Cabiblog: Around 1.3 billion people in the Himalayan river basins rely on both snowmelt water from glaciers and monsoon waters to sustain their livelihoods. In fact, seasonal snowmelt water from the Himalayan glaciers is one of the main sources of freshwater reserves that directly sustain people living in the region, especially in arid and semi-arid areas, says an article in the September edition of the bulletin from the UN Environment Programme (UNEP) Global Environmental Alert Service (GEAS). However, the article alerts that the contribution of glacial snow melt to the Himalayan river basins remains uncertain, due to a lack of reliable and consistent data.
It is widely thought that climate change is influencing the rate of glacier melt and that it poses a serious global threat. However, the acceleration of melting of the Himalayan glaciers due to global warming was a controversial subject in 2009-2010, which was followed by an IPCCC statement. Maybe this is one reason scientists have not been forward with publication of studies on the melting of Himalayan glaciers since. We can’t ignore, nevertheless, that temperatures at some locations in the Himalayan region have risen faster than the global average; from1982 to 2006, the average annual mean temperature in the region increased by 1.5 °C with an average increase of 0.06 °C per year (Shrestha et al., 2012).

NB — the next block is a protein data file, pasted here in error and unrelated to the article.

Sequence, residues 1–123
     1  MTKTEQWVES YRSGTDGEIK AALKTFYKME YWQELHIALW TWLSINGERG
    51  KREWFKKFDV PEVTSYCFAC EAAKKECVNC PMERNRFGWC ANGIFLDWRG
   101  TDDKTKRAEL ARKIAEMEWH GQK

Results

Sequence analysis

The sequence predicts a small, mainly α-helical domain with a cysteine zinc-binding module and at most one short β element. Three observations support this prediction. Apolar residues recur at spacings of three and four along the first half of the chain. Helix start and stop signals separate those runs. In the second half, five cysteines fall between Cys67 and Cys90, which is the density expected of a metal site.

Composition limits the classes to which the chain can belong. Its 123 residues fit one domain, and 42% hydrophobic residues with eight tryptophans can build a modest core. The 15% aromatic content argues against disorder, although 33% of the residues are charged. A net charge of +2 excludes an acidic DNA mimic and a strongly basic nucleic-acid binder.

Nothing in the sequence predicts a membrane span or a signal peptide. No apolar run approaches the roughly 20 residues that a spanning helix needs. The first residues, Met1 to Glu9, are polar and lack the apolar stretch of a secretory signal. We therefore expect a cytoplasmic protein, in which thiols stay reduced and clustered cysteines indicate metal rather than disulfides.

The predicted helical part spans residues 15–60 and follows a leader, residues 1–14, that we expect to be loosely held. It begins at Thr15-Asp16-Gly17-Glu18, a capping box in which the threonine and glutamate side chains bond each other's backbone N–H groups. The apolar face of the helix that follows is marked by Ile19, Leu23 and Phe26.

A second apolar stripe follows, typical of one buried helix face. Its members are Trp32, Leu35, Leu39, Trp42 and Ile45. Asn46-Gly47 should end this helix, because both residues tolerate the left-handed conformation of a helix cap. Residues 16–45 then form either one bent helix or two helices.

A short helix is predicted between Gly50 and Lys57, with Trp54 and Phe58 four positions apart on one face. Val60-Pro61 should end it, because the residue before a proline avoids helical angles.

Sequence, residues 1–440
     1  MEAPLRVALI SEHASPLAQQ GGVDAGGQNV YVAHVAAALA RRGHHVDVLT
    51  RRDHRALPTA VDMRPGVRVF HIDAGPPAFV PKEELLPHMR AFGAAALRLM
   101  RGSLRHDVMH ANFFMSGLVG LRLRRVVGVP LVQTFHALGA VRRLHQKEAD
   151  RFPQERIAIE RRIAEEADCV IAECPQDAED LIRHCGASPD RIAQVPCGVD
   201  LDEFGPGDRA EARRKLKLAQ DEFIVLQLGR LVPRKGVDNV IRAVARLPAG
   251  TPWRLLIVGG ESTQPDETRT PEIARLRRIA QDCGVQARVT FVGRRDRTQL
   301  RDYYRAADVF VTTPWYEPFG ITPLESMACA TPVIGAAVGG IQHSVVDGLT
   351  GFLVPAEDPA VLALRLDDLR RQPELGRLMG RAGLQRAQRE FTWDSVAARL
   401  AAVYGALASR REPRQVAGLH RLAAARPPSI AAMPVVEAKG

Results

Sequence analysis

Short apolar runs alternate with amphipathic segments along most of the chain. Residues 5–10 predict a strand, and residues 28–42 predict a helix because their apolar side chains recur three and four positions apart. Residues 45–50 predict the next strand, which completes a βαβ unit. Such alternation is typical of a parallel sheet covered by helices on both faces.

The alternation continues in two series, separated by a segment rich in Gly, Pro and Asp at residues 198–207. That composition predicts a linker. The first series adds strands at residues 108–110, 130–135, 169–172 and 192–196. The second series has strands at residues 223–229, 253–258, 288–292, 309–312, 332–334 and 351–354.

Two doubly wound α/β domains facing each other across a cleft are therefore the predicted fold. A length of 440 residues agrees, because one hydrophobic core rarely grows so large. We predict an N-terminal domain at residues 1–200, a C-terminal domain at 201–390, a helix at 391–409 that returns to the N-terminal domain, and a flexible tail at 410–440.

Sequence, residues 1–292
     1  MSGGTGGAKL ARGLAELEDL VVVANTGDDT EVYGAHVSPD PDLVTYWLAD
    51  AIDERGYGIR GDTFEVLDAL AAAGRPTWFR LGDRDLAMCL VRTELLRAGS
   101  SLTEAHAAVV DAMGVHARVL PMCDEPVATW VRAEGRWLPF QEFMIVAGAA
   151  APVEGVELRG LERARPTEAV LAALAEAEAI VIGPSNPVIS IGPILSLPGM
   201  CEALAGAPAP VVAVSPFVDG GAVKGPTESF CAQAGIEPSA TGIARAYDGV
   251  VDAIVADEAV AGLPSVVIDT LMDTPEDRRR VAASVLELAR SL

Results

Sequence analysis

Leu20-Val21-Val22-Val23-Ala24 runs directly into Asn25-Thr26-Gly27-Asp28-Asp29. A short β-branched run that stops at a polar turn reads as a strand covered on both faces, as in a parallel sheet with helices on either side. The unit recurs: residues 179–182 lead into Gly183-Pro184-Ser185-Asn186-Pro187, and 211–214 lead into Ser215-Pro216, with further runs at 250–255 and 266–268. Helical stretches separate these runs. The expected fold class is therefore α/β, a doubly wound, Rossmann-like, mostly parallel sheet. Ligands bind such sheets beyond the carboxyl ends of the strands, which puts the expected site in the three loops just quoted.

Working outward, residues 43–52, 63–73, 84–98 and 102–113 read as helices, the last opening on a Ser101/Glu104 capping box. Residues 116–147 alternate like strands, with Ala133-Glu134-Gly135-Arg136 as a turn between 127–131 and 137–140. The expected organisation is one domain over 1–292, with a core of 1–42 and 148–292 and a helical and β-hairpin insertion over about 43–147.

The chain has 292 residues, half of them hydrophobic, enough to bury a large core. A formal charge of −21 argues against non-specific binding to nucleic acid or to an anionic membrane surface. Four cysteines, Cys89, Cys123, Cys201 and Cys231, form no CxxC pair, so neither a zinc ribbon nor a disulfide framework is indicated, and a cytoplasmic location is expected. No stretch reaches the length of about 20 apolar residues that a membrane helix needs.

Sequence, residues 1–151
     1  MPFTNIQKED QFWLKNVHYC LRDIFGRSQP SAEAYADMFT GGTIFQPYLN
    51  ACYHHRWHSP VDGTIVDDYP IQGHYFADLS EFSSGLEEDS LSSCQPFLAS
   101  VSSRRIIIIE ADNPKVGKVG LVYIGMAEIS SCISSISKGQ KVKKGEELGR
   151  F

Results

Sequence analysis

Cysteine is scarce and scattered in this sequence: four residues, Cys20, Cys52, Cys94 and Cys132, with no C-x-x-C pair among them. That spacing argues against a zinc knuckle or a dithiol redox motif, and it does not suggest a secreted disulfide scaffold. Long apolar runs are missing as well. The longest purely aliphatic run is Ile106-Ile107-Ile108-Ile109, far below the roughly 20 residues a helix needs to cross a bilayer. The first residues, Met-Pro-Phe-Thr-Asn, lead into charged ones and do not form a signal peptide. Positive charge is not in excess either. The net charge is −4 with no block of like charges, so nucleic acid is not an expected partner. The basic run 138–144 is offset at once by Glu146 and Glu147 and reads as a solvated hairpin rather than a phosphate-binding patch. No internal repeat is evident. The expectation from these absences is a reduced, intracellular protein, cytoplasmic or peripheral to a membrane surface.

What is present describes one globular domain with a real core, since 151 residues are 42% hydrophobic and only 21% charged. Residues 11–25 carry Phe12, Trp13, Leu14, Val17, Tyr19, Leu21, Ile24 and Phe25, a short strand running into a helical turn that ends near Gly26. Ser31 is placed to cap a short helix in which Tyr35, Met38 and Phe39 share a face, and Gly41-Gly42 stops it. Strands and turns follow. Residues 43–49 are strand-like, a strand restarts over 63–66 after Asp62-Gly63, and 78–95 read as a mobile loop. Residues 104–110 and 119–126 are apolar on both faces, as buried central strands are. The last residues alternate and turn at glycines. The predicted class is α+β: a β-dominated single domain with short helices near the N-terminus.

The bulletin article calls for better monitoring of glaciers and a state-of-the-art science assessment of glacier change, in order to better understand the complexities of those changes and reduce scientific uncertainty. It also highlights the need for more scientific cooperation across countries boundaries, so that regional climate change impacts on Himalayan glaciers can be assessed more accurately and knowledge gaps can be filled. In this way the policy makers will be provided with accurate scientific findings to act upon.
The article also provides a large number of references (48) to published research on the subject and some stunning photographs and Landsat images.
I was also able to retrieve 1096 records on the subject of glaciers and climate change, from the CAB Abstracts database . Link provided for the benefit of subscribers of the CAB Abstracts database.
Image description: Gangotri Glacier, source of the Ganges, one of the largest glaciers in the Himalayas. It has been receding since 1780 and in recent years the pace of retreat has accelerated.
- Shrestha, U.B., Gautam, S and Bawa, K.S. (2012). Widespread climate change in the Himalayas and associated changes in local ecosystems. PLoS One 7(5): e36741. Doi:10.1371/journal.pone.0036741. Accessed at http://www.plosone.org/article/info:doi/10.1371/journal.pone.0036741.
- UNEP-GEAS Bulletin article ‘Measuring Glacier Change in the Himalayas.’
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